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Nicole Perlroth

The Cyberweapons Arms Race

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34 Min.

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    Ground Zero-Days

    The author began covering the cybersecurity beat for the New York Times in 2010. By 2013, she was already feeling the side-effects of the job. She’d uncovered stories of Chinese hackers getting inside everything from printers to thermostats, and trying to steal intellectual property that ranged from military planes to the formula for Coca-Cola. Iranian hackers had already brought down the network for the Saudi oil company Aramco, wiped its data, and destroyed 30,000 computers while leaving an image of a burning American flag on every screen.

    So, after just a few years reporting on the topic, anything with a plug was beginning to look suspicious. As a much-needed escape from the internet, the author booked a weeklong tour through Kenya. But her African vacation was cut short when Edward Snowden decided to give the world a peek into the dark recesses of America’s National Security Agency, or NSA.

    In his position as an NSA contractor, Snowden leaked thousands of highly classified NSA documents. These documents revealed that America’s premier spy agency was – surprise – pretty good at spying. In fact, its tools and capabilities were better than most.

    The bigger surprise was that many people believed that digital encryption was still keeping networks and information safe. Snowden’s leak blew that line of thinking wide open. It was clear that the NSA had found a myriad of ways to hack around encryption.

    In some cases, the NSA was paying companies to give it backdoor access to their data, but, in other cases, the backdoors came from what are known as zero-days. Now, a zero-day is essentially a flaw in a piece of hardware or software that, when exploited, allows someone undetected access. This means the flaw hasn’t been made public, so there’ve been zero days for the company to come up with a patch. For example, if you surf the web using Microsoft Explorer, a zero-day flaw for that web browser could allow someone to invisibly hack into your browser, steal your passwords, credit card information, or emails – and even download your data or record your keystrokes.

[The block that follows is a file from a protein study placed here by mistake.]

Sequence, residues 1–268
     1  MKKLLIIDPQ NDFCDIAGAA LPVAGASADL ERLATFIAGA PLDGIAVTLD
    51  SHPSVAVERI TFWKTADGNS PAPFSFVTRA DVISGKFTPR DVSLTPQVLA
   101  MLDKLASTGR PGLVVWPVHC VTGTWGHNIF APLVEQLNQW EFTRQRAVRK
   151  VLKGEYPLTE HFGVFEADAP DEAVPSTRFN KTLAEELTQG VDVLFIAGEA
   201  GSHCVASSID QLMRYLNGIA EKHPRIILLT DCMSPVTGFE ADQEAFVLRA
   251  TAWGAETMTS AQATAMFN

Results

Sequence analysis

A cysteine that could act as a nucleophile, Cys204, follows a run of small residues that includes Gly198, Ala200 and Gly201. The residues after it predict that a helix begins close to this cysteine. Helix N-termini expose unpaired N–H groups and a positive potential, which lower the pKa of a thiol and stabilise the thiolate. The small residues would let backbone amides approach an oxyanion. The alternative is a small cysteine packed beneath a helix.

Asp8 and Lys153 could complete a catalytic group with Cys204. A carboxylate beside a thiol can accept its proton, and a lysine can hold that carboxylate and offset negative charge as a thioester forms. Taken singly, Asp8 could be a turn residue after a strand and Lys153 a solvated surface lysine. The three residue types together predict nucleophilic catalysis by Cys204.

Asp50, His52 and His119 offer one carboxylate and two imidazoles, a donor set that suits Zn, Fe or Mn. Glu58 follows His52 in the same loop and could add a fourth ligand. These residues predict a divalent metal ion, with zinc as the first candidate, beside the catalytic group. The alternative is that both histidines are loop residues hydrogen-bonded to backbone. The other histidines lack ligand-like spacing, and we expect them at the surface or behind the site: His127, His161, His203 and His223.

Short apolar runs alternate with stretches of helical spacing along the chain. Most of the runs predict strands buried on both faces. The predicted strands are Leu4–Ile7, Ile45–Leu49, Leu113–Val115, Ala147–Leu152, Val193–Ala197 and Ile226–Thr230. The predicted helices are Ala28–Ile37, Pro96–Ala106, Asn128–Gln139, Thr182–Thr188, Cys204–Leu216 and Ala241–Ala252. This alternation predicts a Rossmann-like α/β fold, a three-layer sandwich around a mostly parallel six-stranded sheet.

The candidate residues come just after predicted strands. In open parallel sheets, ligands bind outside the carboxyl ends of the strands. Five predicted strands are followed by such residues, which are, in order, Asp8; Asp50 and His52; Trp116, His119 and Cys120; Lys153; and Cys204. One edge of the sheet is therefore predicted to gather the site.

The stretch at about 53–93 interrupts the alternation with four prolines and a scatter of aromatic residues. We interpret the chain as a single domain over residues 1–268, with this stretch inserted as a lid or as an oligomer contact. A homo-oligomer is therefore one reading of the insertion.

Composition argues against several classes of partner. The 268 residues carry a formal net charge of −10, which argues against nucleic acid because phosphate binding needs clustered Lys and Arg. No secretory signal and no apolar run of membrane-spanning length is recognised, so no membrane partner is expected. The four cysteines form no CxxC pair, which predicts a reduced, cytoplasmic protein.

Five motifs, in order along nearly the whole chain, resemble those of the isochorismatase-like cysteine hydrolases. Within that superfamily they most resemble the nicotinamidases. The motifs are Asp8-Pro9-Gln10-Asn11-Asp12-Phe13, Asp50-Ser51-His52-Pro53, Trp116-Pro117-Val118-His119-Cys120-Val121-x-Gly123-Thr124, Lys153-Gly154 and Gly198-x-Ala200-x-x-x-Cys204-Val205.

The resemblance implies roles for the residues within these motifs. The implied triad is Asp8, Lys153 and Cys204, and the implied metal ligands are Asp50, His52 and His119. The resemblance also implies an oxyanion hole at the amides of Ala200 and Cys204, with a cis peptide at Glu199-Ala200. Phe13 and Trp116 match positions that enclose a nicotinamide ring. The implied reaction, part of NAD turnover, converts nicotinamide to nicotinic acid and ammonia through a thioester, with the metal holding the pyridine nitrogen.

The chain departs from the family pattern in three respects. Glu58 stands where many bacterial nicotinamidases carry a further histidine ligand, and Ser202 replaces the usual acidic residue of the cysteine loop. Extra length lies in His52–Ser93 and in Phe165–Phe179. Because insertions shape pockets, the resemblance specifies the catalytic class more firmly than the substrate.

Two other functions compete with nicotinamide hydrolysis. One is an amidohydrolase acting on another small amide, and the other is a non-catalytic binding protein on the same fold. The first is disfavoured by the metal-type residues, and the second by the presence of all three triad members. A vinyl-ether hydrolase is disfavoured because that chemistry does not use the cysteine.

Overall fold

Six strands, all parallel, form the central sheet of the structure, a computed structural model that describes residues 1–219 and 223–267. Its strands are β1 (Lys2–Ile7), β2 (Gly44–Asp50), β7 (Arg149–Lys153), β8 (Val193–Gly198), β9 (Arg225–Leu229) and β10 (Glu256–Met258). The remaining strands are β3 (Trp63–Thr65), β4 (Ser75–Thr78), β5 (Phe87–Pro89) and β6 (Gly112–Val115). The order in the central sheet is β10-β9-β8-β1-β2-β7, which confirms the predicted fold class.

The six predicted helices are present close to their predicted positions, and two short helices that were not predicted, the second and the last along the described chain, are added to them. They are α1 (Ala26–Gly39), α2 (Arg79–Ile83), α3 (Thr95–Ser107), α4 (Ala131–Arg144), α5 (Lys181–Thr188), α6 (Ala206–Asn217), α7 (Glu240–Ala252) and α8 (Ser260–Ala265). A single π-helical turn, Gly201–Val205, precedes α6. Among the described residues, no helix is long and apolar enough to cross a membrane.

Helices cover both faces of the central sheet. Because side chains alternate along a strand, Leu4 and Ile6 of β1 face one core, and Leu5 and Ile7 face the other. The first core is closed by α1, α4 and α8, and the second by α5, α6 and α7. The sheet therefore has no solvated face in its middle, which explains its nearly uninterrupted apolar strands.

The Snowden leaks showed that the NSA had accumulated a good number of zero-days that provided it with access to all of the most widely-used apps, social-media platforms, phones, computers, and operating systems. When this news got out, some people assumed that companies like Apple and Microsoft were in cahoots with the NSA. But this wasn’t the case. These companies were livid when they learned that the NSA knew about these zero-days and didn’t let them fix the flaws.

    Perhaps even more worrisome is the fact that the NSA didn’t always find and develop these zero-days itself. It bought them, with taxpayer money, from hackers around the world. As we’ll see in the next blink, the marketplace for zero-days is a morally dubious gray zone that has only gotten darker in recent years.

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    Worum geht es in This Is How They Tell Me the World Ends?

    This Is How They Tell Me the World Ends (2021) takes a deep dive into the ongoing global cyberweapons arms race. It explains how the unregulated market for destructive weapons began, how nations are buying and using these weapons, and why they represent a threat to our immediate future.

    Bestes Zitat aus This Is How They Tell Me the World Ends

    . . . the NSAs expansive [zero-day] catalog meant that they could break into and spy on devices when they were offline, or even turned off.

    —Nicole Perlroth
    example alt text

    Wer This Is How They Tell Me the World Ends lesen sollte

    • Anyone who uses a computer or smartphone
    • Security- and privacy-minded people
    • Taxpayers curious about how their money is spent

    Über den Autor

    Nicole Perlroth is a ten-year veteran of the cybersecurity beat, covering the subject as a reporter for the New York Times. She covered the landmark cases involving North Korean attacks on Hollywood, Russian attacks on nuclear power plants, and Iranian attacks on gas companies. This is her first book.

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